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Morocco: Across the Nation, Demonstration

This post is part of our special coverage Morocco Protests 2011.

In the broader context of the Arab world, Morocco has one particularly unique feature: Whereas other countries in the region often have two cities of importance (Aleppo and Damascus, Algiers and Oran, Cairo and Alexandria), Morocco has bustling hubs of activity in its four imperial cities: Meknes, Fez, Marrakesh and Rabat, not to mention in its largest city, Casablanca, and the Mediterranean city of Tangier. Today, as protesters step out onto the streets to call for an end to corruption, constitutional reform, and the dissolution of parliament, their strength in numbers is distributed across these cities, as well as in smaller towns.

Rabat, the Capital

From the capital of Rabat, Omar El Hyani has been sharing images from his Twitpic account. The images show hundreds, perhaps thousands, gathered by the walls of the medina.

Photo by Omar El Hyani

A march in the streets of the capital city show Palestinian flags being waved alongside the Moroccan flag:

Palestinian and Moroccan flags are waved in the protest

From the Twitter account of Moroccan news aggregator @mamfakinch (which means “we won't give up”), an update claims at least 10,000 protesters have taken to the Rabat streets:

#Feb20 eyewitness from Rabat: We are now about 10 000 more ppl to come with the reopening of train traffic

Casablanca, the Metropolis

In Morocco's largest city (population 3.2 million), one estimate, from Moroccan forum Yabiladi and posted on Facebook, claims that 9,000 have emerged to take part in demonstrations:

Yabiladi: 13h10, Casablanca : Au moins 9000 manifestants
Selon nos différents reporters sur Casablanca, le nombre des manifestants continuent d’augmenter dans la capitale économique. Au bas mot, ils seraient 9000. Beaucoup comptent y rester toute la journée.
13h00, Fès : 10 000 personnes dans la rue selon les organisateurs.

Yabiladi: 13:10 Casablanca: At least 9,000 protesters
According to our various reporters in Casablanca, the number of protesters continues to increase in the economic capital. At the very least, they are 9,000. Many intend to stay there all day.
13:00, Fez: 10,000 people on the street according to organizers.

Farah Kinani shares a photo from the streets in “Casa”:

The sign reads: oppression + defeat = revolution

Meknes, the Historic

In the smaller city of Meknes (population around 1 million), protests are taking place on the streets of the city's ville nouvelle, also known as Hamriya. On Twitter, @Cherradi writes:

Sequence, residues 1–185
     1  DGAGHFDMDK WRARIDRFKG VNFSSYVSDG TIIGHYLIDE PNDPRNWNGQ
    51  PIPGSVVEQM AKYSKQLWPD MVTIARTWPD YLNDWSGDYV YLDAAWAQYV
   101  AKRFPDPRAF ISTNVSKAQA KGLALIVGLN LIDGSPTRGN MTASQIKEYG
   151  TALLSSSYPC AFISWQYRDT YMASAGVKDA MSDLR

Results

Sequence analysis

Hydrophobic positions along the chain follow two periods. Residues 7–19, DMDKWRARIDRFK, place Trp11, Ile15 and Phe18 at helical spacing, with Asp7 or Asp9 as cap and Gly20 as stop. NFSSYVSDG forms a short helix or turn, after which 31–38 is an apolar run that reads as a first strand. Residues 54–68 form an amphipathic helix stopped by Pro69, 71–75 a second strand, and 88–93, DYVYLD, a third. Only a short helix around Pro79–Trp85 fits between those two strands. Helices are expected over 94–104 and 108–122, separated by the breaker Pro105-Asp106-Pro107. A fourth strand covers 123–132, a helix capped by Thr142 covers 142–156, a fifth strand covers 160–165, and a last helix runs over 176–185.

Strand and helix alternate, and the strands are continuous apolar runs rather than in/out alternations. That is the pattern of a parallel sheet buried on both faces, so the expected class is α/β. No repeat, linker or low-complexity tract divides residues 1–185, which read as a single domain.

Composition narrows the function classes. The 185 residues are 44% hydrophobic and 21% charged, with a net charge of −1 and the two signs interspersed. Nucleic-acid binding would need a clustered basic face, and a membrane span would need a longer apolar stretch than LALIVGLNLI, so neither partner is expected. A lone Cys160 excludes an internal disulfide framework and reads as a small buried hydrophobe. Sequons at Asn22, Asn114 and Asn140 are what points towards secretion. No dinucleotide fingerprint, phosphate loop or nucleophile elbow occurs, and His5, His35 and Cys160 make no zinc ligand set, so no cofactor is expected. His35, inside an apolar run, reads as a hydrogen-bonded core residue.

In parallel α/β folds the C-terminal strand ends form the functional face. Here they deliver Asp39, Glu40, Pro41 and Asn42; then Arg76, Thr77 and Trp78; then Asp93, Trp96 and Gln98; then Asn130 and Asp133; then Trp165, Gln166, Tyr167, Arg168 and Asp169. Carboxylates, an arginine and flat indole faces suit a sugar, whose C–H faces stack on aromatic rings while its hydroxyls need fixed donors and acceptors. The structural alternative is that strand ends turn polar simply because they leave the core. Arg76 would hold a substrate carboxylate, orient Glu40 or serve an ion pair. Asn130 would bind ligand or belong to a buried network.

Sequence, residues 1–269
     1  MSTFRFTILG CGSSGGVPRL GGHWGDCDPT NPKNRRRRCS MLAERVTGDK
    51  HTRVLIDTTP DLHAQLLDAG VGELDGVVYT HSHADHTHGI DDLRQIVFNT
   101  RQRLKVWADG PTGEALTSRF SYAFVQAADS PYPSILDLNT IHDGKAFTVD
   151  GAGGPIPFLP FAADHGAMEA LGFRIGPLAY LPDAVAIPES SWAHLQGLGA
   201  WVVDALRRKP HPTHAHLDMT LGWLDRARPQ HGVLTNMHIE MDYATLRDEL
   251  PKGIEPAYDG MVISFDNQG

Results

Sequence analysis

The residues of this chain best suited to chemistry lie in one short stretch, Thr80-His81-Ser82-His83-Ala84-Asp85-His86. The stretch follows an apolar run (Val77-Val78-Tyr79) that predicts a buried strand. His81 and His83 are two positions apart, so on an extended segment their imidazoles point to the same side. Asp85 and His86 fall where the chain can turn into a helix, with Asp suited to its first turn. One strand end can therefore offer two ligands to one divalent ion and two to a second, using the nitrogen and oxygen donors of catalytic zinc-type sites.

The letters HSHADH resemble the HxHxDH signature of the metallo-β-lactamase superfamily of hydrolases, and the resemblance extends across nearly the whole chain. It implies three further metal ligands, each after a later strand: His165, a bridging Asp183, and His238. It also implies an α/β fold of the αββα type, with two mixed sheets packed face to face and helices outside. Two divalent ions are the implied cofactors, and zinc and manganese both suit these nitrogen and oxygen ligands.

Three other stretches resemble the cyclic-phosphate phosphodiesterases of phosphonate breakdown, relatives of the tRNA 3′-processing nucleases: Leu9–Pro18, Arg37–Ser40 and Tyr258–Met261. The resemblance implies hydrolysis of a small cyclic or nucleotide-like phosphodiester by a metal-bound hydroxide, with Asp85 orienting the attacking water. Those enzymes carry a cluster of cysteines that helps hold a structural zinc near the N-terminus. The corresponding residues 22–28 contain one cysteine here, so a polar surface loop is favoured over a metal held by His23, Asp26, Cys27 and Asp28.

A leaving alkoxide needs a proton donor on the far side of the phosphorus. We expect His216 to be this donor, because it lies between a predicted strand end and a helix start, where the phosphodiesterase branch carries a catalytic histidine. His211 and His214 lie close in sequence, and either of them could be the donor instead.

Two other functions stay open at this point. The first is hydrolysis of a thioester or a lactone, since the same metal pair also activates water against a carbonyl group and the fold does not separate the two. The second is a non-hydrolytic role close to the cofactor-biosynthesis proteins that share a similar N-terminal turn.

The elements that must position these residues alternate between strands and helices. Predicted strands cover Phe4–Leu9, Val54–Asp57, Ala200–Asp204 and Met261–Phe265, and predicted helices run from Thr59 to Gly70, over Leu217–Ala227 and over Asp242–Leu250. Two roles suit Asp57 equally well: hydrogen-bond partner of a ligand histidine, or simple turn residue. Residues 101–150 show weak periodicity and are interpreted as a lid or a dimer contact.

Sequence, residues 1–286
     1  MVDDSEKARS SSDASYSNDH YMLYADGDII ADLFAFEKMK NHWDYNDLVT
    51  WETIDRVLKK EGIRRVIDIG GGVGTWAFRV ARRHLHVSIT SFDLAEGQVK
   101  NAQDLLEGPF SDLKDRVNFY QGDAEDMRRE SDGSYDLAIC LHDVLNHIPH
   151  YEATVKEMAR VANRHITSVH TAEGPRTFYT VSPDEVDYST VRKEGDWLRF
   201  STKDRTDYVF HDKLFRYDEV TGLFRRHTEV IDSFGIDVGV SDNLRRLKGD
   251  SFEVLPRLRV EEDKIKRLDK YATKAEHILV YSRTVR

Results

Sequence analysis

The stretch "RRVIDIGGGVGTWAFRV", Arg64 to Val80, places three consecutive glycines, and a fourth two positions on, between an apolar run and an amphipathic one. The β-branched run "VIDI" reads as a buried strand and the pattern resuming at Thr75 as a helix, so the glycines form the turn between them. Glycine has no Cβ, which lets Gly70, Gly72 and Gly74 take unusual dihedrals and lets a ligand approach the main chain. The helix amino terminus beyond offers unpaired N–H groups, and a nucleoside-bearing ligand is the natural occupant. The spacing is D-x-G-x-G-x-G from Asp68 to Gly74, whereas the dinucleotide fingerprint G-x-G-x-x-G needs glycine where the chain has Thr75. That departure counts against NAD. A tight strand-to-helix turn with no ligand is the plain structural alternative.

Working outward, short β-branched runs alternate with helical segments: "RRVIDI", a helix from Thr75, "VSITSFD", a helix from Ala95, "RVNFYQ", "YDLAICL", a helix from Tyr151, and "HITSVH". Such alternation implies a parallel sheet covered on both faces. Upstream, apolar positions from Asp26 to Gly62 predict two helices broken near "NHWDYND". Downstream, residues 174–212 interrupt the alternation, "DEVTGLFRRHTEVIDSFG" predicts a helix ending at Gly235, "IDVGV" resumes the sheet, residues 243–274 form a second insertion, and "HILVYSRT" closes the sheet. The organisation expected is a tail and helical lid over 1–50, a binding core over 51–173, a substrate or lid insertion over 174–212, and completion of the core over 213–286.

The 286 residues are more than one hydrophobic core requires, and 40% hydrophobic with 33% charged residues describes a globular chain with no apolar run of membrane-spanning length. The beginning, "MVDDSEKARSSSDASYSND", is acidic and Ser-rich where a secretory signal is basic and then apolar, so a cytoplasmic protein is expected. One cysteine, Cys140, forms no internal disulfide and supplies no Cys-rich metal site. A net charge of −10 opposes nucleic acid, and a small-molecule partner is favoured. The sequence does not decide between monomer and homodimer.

Meknes 20 février, Hameriya ville nouvelle http://bit.ly/fffC1C #20fev #20feb

The video in Cherradi's post, put on YouTube by local online paper Hespress, shows around 100 demonstrators in the main area of the city:

One proud Meknassi claims that, despite the low numbers, the noise is still deafening:

Couple of hundred protesters in meknes are louder than any group in the rest of morocco. Meknes ya meknes

(Author note: “Meknes ya Meknes” is like saying “Meknes, oh Meknes”)

It is worth noting that Meknes has a large military presence, which could account for the low turnout.

Fes, the Spiritual Capital

The ancient city of Fes is perhaps better known for its tourism than anything else, though as the home of the university of Al Karouaine, it is also the spiritual core of the country.

In Fes today, despite rain, a few hundred can be seen in photographs posted by Mariam on her blog:

Despite rain, hundreds have turned out in Fes

Tangier, Home of Legend

The legendary city of Tangier is best known to most Westerners through the lens of its long-time resident, the American author Paul Bowles, and for its time as an Interzone. Today, it may go down in the history books for the masses who have taken to the streets. In a photograph posted on Mamfakinch, thousands appear to be marching:

A throng of marchers in Tangier

A video posted on Facebook by Ilyas Fadili shows the size of the crowd as well.

Marrakesh, Al Hoceima, Oujda, and Beyond

In other cities across the country, Moroccans have indeed joined their urban brethren in protest. Moroccan-American writer Laila Lalami points out:

Protests today in Rabat, Casablanca, Oujda, Laarache, Meknes, Beni Mellal, Agadir. Hey, even Berkane! (Sorry, local joke.) #Morocco #Feb20

On Facebook, local website RifToday has been posting photos and video from the Rif Mountain city of Al Hoceima:

From the media committee of the 20th February Movement; Photo Credit: RifToday

From the media committee of the 20th February Movement; Photo Credit: RifToday

In the southern city of Marrakech, arguably one of the country's most popular tourist destinations, some believe the situation to be most dire. On Twitter, @AmoonaE notes:

Incidents reported in #Marrakech, shops destroyed. Situation is more dire there; pop is suffering from the govt estate policy. #Feb20

@Karima_F adds:

#feb20 #morocco Confirmed: peaceful protests in #casa and #Rabat, acts of vandalism in #marrakech

This post is part of our special coverage Morocco Protests 2011.

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